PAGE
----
Treatment of Thyroid Disorders
Stitching Of Wounds Procedure
Dressings Of Wounds Procedure
Treatment of Migraine Treatment
Removal Of Stitches Procedure
Type 2 Diabetes Treatment
Thyroid Problems Treatment
Treatment of Thyroid Disease in Children
Thyroid Disorder Treatment
Viral Fever Treatment
Type 1 Diabetes Treatment
Food Plan Preparation
Submit a review for Dr.GOPALA KRISHNAM RAJU AMBATIYour feedback matters!
Patient Review Highlights
I found the answers provided by the Dr. Gopala Krishnam Raju Ambati to be well-reasoned. thanks a lot doctor! this is perhaps only suggestion. is there a suggestion about diet?
Dr. Gopala Krishnam Raju Ambati provides answers that are very helpful and knowledgeable. Thanks a lot for your valuable feedback doc !
I found the answers provided by the Dr. Gopala Krishnam Raju Ambati to be very helpful and practical. thanks
I found the answers provided by the Dr. Gopala Krishnam Raju Ambati to be very helpful. I will follow
I found the answers provided by the Dr. Gopala Krishnam Raju Ambati to be inspiring. Yes Thank you :)
Dr. Gopala Krishnam Raju Ambati provides answers that are very helpful. Thanks
Dr. Gopala Krishnam Raju Ambati provides answers that are knowledgeable.
Dr. Gopala Krishnam Raju Ambati provides answers that are very helpful.
Barun Kumar Dey
Dr. Gopala Krishnam Raju Ambati provides answers that are very helpful.
One of the most common scenarios that most people are faced with is a constant feeling of tiredness and lethargy even after you have had a full night’s sleep. The questions popping in your mind right about now is, why is this happening? Why does the lethargic feeling fail to leave you even after you had a proper 8 hours sleep? Why is your sleep getting into the way of your professional productivity? Though there are a number of different explanations to this constant feeling of cloudiness throughout the day, hence, experts in the field have listed down some of the factors that prove to be the major causes behind this condition.
Some of these most common and powerful reasons are listed below.
- Thyroid: The moment your thyroid levels start soaring, you will automatically find it difficult to keep up with the pace that your day to day life demands. The thyroid gland, which is placed right in front of the throat, is the size of the knot on your tie. This gland produces a hormone. When the activity of the thyroid gland, it starts secreting more and more of the hormones, leading to a condition termed as hyperthyroidism. The same gland when underperforms, it starts holding back the hormone secretion, leading to a condition called hypothyroidism. In both the cases the metabolism of the body slows down, leading to an increased level of tiredness even after proper sleep.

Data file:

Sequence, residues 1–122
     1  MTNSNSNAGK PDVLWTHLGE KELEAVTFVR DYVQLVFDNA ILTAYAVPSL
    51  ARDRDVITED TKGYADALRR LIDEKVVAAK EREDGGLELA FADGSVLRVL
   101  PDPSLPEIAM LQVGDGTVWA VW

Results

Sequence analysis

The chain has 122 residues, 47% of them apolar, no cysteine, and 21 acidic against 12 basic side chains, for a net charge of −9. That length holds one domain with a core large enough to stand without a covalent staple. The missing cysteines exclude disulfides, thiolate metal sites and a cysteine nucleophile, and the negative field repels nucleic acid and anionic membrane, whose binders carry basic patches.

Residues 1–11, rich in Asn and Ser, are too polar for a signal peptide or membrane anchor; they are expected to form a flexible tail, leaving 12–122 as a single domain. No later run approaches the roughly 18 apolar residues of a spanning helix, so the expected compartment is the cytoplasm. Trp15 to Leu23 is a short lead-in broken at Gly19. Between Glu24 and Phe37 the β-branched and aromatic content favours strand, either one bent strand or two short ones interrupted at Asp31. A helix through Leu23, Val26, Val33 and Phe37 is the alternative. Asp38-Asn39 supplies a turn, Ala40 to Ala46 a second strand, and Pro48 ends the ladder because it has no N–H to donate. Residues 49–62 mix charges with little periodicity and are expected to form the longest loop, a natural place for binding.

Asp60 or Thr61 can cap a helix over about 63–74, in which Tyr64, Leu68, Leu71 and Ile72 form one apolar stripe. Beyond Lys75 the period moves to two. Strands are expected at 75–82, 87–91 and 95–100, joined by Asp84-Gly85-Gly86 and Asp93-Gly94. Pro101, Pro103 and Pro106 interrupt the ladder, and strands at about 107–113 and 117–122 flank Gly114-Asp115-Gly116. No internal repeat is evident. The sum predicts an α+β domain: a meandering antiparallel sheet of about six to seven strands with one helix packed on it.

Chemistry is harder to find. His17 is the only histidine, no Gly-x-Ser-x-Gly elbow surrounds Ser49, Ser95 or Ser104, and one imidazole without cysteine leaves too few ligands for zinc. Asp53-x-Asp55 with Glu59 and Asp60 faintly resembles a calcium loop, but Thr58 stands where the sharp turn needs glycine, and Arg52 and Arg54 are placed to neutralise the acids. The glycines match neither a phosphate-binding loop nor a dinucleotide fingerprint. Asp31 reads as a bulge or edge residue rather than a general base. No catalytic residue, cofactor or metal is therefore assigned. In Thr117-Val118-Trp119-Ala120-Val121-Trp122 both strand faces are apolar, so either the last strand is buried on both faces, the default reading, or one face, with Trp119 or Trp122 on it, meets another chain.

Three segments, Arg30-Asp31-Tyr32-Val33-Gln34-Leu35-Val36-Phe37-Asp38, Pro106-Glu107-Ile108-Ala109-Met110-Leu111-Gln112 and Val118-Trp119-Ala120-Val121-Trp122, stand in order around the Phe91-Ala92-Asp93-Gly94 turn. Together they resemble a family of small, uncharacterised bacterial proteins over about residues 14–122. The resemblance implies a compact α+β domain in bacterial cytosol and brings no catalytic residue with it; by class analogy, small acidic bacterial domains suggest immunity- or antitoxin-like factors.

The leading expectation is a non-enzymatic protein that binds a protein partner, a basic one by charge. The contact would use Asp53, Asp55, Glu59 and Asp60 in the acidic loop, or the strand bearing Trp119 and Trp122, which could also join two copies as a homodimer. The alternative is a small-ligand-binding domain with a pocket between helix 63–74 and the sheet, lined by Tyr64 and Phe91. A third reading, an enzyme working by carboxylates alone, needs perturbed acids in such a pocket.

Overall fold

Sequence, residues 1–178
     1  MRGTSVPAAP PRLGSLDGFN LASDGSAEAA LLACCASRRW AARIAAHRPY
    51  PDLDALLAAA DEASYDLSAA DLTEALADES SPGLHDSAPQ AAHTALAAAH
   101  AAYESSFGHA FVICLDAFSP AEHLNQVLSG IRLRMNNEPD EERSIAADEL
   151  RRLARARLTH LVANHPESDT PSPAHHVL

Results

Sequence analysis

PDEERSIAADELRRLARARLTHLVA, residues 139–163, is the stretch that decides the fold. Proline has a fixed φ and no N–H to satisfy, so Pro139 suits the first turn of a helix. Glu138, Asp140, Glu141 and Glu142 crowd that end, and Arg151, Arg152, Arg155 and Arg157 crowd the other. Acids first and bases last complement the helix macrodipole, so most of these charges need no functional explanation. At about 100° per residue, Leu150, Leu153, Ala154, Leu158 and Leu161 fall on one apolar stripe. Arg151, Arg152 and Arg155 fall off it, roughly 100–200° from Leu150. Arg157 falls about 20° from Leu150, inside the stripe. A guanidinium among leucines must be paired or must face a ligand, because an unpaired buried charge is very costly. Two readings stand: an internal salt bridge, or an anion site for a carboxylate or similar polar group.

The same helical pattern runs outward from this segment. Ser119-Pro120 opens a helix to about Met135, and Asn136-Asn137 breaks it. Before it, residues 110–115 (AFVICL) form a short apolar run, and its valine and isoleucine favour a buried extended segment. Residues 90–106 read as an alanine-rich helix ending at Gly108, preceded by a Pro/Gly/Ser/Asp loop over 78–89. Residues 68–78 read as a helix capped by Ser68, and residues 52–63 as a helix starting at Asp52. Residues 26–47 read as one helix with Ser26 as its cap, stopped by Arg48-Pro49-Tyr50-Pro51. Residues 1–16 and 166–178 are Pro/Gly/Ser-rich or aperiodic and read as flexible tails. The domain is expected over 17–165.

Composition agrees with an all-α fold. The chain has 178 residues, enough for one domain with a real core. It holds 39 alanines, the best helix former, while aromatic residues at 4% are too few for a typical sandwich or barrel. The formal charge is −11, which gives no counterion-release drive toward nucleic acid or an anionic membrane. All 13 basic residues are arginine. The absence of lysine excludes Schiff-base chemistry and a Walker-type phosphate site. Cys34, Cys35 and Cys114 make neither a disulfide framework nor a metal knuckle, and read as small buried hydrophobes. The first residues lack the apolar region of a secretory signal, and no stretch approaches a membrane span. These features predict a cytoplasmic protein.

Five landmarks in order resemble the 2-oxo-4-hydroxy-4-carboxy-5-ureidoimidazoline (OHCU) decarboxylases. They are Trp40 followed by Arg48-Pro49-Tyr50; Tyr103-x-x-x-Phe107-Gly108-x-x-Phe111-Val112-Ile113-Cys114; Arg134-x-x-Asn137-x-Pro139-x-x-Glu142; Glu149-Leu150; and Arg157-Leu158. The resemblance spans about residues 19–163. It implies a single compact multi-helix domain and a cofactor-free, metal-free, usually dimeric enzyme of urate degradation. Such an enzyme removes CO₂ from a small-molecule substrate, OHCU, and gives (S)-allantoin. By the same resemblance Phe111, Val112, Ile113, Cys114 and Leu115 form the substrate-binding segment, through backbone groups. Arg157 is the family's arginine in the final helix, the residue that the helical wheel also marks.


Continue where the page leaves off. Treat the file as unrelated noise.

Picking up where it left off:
- Anaemia: Another leading cause of that nagging feeling of sleepiness and draining energy is Anaemia. Anaemia causes a certain amount of fatigue in an individual. The main cause influencing this situation is the lack of presence of enough red blood cells. The main function of these red blood cells is to transfer oxygen constantly from the long to the cells and tissues. A break in this process leads to you feeling weak and also short of breath.
- Diabetes: Diabetes poses a serious threat to the all over functioning of your body. It is termed as the slow killer and constantly works towards undermining the level of energy a normal individual can hold. This adversely affects your day to day life, including your performance at work and also performing your daily chores at home. The glucose in your body serves as a fuel for your daily activities. Since patients with type 2 diabetes cannot use this rising glucose in their blood properly, they end up being more tired than they ought to be.
Other conditions that lead to the same draining feeling and constant tiredness even after lot of sleep are depression, rheumatoid arthritis, chronic fatigue, sleep apnea, sleep inertia, periodic limb movement disorder, constant exposure to computer screens, tv screen, monitors, etc. There are a whole bag of other factors that lead to the constant feeling of tiredness that you are feeling. Before the end of the day, you are drained, your productivity drops and you cannot wait to hit the bed, and the same is the condition when you get out of bed. Consulting a general physician will not only help you put a finger on the cause, but also cure it with proper treatment.
While it is well known that smoking causes lung cancer, heavy smokers with diabetes are also at increased risk of death from causes other than lung cancer, according to a study being presented next week at the annual meeting of the radiological society of north america (rsna).